Portrait Photograph of Michael W. Wagner

Michael Wagner


College of Letters & Science, School of Journalism and Mass Communication

Michael W. Wagner (Bachelor of Journalism, University of Nebraska; Ph.D., Indiana University) is a Professor and Louis A. Maier Faculty Development Fellow in the University of Wisconsin-Madison’s School of Journalism and Mass Communication. His more than 40 academic journal articles and book chapters appear in outlets such as Journal of Communication, Annual Review of Political Science, and Journalism and Communication Monographs. The editor of Political Communication’s Forum, Wagner has earned grants from the National Science Foundation and the Carnegie-Knight Foundation. His latest book (co-authored with UNL’s Elizabeth Theiss-Morse), Political Behavior of the American Electorate, was released in January 2018.


Beyond the Left-Right Divide: Partisan Polarization in the Age of Donald Trump

The talk will describe how what we think of as the contemporary political divide in the United States is far more complicated than it appears in the typical “red state-blue state” coverage we see in the news media. While we tend to think of Americans being “liberal,” “moderate,” or “conservative,” American public opinion is primarily organized around two types of issues: economic and cultural. Things get complicated because some people have liberal views on both types of issues, some have conservative views on both types of issues and others have views that are liberal on some issues and conservative on others. My talk will describe the far-reaching consequences of this insight from party identification, voting behavior, political participation, media use, the 2016 elections and the future of American political conflict.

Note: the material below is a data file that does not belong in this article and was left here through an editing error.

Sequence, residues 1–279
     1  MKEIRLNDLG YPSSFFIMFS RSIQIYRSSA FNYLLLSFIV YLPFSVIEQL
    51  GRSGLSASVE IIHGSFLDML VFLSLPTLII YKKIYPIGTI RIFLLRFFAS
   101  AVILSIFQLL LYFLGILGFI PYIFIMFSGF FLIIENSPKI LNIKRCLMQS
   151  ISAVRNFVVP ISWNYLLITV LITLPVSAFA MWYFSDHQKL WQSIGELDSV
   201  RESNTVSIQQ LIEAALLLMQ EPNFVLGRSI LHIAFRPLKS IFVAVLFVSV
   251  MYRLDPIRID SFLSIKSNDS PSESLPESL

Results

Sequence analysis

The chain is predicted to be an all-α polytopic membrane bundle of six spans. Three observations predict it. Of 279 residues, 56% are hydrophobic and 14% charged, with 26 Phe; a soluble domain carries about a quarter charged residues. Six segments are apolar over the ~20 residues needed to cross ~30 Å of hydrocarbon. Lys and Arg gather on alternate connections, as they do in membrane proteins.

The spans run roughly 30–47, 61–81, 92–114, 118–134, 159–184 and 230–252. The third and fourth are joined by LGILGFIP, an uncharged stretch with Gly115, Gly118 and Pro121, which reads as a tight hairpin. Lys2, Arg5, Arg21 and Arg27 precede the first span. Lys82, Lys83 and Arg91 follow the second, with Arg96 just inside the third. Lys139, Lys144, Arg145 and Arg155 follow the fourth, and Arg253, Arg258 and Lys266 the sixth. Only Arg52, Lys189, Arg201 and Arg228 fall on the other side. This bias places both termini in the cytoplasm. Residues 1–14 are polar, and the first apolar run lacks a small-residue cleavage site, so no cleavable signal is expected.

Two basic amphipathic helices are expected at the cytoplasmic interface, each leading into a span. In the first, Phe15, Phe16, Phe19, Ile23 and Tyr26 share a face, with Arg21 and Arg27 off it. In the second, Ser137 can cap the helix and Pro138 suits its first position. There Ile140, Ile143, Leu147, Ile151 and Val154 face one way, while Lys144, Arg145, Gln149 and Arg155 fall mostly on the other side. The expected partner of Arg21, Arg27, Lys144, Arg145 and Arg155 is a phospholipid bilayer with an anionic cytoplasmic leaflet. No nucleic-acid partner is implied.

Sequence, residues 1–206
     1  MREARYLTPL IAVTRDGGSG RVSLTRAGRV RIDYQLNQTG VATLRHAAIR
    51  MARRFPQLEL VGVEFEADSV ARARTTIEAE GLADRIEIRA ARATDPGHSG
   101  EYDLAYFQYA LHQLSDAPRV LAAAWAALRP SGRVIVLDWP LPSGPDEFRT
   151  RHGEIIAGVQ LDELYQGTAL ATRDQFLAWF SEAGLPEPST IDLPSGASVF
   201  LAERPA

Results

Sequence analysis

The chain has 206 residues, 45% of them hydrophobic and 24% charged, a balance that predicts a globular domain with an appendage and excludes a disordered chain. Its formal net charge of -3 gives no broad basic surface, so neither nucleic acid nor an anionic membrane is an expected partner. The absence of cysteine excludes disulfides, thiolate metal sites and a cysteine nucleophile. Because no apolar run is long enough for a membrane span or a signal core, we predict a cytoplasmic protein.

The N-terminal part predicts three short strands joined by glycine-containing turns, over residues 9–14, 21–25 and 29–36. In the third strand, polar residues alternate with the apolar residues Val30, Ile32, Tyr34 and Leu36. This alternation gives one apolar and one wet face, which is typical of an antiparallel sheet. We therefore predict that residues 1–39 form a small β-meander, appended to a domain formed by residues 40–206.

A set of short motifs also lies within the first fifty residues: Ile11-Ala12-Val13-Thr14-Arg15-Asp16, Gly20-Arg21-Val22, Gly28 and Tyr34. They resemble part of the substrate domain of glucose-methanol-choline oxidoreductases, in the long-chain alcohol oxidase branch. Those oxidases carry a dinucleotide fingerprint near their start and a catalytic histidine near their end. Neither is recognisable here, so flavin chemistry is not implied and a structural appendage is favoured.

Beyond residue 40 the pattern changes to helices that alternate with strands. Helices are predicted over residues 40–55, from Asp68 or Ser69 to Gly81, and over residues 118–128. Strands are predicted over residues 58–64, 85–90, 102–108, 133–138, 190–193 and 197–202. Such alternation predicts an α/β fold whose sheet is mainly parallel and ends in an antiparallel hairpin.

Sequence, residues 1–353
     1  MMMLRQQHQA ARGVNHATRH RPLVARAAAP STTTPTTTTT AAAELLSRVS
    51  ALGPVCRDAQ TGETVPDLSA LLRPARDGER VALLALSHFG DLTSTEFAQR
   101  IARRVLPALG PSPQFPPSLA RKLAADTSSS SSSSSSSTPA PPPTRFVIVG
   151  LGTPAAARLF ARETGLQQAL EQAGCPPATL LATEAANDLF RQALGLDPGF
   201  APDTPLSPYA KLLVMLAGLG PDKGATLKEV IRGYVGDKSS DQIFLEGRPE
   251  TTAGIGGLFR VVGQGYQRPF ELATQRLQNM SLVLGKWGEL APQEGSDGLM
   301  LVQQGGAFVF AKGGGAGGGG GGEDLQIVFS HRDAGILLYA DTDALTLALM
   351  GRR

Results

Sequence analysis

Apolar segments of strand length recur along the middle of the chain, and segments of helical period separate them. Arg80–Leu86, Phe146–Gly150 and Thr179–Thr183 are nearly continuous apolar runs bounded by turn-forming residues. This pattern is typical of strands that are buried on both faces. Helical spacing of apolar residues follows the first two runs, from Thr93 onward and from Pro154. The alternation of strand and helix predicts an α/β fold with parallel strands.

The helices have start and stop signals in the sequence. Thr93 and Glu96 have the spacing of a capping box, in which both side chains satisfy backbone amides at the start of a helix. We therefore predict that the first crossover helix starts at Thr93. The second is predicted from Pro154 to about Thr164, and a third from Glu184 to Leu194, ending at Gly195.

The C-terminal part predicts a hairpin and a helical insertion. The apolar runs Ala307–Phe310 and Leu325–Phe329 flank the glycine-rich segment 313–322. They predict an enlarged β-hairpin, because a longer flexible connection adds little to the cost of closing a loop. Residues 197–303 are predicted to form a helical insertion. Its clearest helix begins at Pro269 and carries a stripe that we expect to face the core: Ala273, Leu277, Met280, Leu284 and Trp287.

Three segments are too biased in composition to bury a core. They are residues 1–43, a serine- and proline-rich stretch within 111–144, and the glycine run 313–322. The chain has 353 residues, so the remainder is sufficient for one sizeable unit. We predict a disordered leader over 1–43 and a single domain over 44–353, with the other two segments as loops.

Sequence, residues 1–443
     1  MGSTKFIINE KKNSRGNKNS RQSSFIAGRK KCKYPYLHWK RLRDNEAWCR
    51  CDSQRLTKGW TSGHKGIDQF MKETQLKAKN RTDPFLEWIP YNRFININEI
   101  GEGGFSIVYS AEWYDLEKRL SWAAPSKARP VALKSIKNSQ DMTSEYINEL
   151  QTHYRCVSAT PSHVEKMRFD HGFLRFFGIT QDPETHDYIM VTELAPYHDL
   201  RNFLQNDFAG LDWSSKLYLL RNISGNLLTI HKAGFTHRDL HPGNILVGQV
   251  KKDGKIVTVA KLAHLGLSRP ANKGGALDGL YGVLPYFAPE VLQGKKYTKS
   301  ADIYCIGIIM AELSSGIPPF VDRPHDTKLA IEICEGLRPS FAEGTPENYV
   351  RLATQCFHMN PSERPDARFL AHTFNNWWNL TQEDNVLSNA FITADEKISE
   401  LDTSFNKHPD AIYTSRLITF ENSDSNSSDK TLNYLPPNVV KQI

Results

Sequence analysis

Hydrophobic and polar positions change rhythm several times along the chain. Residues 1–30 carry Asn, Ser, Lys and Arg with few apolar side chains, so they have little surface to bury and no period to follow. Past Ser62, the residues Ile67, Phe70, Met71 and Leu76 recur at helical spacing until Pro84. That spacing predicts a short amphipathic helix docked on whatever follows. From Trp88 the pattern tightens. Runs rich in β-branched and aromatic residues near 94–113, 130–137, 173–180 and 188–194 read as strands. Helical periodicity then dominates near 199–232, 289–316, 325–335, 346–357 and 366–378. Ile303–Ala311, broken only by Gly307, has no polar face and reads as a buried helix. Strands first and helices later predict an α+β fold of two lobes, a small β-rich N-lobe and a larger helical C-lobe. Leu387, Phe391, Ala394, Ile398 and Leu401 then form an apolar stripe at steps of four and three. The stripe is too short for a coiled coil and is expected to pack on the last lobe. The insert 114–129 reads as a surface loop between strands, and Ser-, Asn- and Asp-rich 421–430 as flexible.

Deciding What's True in a Polarized Society

The talk reviews research on fake news, fact-checking, selective exposure to like-minded media outlets and describes the implications for democracy.

Media Bias and U.S. Politics

The talk describes research into media bias and the biased nature that individuals display when the process mediated messages.

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